Problems? I have explained my problems in this case. The customer will have problems themselves if they try this. There are several potential problems to the person trying to do business this way. Potential problems are:

  • Loss or damage of the goods.
  • Getting all the goods back by the return deadlines.
  • Cost of insurance and shipping.
  • The labor, we all have better things to do.
  • Restocking fees - I almost never charge one, but I do charge the credit card fees and depending on the situation a restocking fee. If I figure this is the situation, I will charge a restocking fee.
  • Costs - When does the customer wanting a $100 piece of rough and paying shipping to and from 4 rough suppliers realize they are wasting money?

Last. Here is the biggest problem and I guarantee that anybody that try's this type of deal on me will have it. The rough stone dealers figure out what you are doing and they will not supply you. I can flat out tell you when some one does this to me, I tell them up front that I do not do business this way and that I do not want the business if that is how they want to do it. I am pretty out spoken and tend to say what I think. There are no hard feeling and I mean no harm, but I just do not want to do this. It is my choice. I choose not to do this.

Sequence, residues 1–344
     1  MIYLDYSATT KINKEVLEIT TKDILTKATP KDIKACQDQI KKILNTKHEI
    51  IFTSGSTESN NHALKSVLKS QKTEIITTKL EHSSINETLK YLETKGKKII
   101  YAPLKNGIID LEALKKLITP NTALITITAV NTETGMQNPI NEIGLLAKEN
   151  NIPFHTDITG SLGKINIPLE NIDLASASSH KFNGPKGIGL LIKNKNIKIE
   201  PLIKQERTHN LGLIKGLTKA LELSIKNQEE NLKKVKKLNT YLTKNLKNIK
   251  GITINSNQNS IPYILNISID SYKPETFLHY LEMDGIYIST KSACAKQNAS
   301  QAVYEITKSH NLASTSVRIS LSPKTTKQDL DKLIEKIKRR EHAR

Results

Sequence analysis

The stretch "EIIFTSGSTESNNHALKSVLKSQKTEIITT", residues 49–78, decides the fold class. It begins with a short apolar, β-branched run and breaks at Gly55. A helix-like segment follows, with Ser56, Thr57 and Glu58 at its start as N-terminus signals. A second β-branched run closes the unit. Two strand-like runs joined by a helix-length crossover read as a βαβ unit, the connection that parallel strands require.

Other dealers? They will not be any happier than I am about some one doing this to them, but most of them will not be as up front about it as I am. Most of the other dealers will just not ship things, loose the order, say they do not have the rough in question, and so on. Either way the person trying this type of deal will be shown the door eventually and once they have a reputation of being a "look and return" kind of customer most all rough dealers will not spend time on them. Remember this is a business.

Think this will not happen? You are wrong I have a list (a short one thankfully) of these type of customers and I do not deal with them. This is a list… that as some one wanting to buy good rough, believe me you do not want to be on. Once more I have told my friends in the business the problems and passed information along. ALL rough dealers compare notes. NO we do not share confidential information… But we definitely will say " that guy was a waste of my time, watch for him." Believe it. As I have said these are my opinions and experiences and I hope that maybe I showed you the other side of the coin and that it may help you understand why a dealer may not want to do some thing that you think they should or that does not appear to be an issue from your point of view.

Basically if I see some one ordering a lot of rough from various dealers with obviously no intention of keeping what they are ordering. I say, "No offense, but please do that with my competition." If other dealers want to put up with type of customer, that is certainly their option. But I do not need the problem. Just my point of view, but I think most people will agree with me when they understand the problem.

Jeff R. Graham

The late Jeff Graham was a prolific faceter, creator of many original faceting designs, and the author of several highly-regarded instructional faceting books such as Gram Faceting Designs.